Have you run across the idea that your yoga mat can act as your therapist? I know on one level that sounds facetious, but think about it. You put yourself on your mat routinely and, each time you do, it’s an opportunity for you to watch your behaviour.
What are your responses as you practice. How do you react when you find a pose too hard? Or, if you’re in a class, what happens when your teacher pulls you back or asks you to use a prop? By themselves, the postures are meaningless and props are just neutral. It’s your reactivity that is of interest and your approach to yoga can revealyourpatterns, or what is called in Sanskrit, your samskara.
Yoga philosophy says that we’re born with certain karmic mental and emotional tendencies – samskara – that influence our lives until we learn to control them through conscious awareness.
The way you approach yoga, and any reactivity you have, probably originated long before you started practising; but your mat can be where you witness what you’re up to.
For me, when I’m on the mat, my go-to gears in the past have been somewhat pushy and show-offy. The good thing about ageing is that it has put limits on those modus operendi because: 1) it takes too much energy to go on pushing through, and 2) there are youngsters out there who can rings around my ekapadrajakapotasanas and adho mukha vrksasanas.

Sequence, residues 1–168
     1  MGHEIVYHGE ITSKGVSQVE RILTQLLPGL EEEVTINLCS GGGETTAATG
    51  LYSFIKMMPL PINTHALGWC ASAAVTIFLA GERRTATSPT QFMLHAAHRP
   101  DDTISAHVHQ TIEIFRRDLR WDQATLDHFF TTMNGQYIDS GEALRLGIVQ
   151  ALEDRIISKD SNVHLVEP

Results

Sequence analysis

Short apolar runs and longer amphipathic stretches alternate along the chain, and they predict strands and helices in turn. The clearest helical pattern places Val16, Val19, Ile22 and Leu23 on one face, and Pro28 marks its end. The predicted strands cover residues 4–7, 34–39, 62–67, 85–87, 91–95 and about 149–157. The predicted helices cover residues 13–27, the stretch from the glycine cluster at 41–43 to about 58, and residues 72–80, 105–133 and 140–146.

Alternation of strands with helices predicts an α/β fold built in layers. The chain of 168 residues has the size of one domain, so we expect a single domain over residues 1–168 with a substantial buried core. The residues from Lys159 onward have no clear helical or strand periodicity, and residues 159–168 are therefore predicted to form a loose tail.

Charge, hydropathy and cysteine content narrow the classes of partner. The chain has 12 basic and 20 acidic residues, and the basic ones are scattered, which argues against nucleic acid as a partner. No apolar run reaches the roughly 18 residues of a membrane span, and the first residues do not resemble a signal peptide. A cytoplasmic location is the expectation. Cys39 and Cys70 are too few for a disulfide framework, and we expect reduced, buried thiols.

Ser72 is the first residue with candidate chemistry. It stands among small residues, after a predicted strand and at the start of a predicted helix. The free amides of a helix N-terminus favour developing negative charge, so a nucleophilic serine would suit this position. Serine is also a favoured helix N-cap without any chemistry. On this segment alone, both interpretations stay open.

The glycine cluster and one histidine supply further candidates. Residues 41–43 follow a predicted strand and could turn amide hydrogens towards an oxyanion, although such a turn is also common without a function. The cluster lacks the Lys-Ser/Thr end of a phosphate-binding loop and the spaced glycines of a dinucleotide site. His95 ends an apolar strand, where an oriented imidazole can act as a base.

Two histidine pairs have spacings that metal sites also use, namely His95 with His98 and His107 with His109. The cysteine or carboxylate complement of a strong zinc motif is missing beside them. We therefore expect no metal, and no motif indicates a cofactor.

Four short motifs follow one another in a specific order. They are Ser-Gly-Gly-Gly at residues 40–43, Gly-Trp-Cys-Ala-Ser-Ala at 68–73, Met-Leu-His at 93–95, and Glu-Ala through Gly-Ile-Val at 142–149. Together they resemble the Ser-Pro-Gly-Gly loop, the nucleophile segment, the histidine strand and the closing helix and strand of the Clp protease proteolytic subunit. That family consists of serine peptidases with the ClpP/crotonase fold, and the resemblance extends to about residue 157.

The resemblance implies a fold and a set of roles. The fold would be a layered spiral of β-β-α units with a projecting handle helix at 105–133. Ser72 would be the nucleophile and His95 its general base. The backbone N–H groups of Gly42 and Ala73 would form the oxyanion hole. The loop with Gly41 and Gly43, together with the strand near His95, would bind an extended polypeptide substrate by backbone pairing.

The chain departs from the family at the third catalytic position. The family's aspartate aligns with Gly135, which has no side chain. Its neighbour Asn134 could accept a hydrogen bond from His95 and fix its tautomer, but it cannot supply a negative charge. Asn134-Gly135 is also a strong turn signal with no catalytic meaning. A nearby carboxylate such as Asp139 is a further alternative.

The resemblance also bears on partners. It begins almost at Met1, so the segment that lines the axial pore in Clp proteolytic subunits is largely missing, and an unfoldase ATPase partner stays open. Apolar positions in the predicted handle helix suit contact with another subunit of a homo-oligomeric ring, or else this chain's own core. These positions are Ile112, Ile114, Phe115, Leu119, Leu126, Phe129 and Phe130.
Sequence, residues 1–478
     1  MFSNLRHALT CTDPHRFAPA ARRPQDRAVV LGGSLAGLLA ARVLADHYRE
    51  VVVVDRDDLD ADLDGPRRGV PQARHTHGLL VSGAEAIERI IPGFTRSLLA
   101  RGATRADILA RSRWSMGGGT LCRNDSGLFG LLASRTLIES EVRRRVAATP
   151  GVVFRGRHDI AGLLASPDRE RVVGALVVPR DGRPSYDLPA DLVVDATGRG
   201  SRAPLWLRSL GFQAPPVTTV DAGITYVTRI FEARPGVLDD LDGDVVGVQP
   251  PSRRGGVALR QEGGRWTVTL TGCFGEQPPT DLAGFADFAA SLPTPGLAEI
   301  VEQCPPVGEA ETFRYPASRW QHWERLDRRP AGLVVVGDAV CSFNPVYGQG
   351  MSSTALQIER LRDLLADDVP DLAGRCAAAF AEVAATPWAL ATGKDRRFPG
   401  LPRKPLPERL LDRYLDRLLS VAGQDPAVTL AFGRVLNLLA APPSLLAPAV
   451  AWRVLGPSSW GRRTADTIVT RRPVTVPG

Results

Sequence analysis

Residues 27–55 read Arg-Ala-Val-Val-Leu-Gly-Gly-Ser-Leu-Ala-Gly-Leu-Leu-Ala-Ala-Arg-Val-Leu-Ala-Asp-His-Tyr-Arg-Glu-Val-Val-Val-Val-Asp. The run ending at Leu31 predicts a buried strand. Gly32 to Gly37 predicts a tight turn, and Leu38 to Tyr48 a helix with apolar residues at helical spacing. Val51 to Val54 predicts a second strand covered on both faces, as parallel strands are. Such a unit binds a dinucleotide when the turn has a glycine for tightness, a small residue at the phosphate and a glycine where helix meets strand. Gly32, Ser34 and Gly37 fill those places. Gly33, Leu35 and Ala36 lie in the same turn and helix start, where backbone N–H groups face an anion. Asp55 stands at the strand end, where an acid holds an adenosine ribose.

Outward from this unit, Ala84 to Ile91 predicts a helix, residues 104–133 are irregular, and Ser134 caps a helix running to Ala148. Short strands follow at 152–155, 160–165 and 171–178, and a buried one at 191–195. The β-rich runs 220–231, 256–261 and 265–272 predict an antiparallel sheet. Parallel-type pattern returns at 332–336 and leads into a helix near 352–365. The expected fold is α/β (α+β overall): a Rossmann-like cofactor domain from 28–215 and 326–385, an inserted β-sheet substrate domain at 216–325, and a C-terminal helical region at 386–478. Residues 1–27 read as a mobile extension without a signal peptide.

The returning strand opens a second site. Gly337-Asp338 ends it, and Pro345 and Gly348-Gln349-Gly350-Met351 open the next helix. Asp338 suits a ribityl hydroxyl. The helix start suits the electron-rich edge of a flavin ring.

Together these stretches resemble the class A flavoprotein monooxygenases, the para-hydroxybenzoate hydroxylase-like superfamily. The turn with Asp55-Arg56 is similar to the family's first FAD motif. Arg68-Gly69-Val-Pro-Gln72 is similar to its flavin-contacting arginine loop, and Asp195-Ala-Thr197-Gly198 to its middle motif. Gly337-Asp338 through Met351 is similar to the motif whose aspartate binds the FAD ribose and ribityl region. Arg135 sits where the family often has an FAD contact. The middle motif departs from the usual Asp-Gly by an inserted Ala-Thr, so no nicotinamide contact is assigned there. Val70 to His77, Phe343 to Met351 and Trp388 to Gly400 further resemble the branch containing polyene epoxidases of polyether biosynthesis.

Samskara are just habits – not necessarily good or bad. But if your behaviour on the mat isn’t serving you or ultimately satisfying, it’s likely time for a change.
Tacchidresu pratyayantarani samskarebhyah
Any gaps in discriminating awareness allow distracting thoughts to emerge from the store of latent impressions.*
*The Yoga-Sutra of Patanjali, translation and commentary by Chip Hartranft.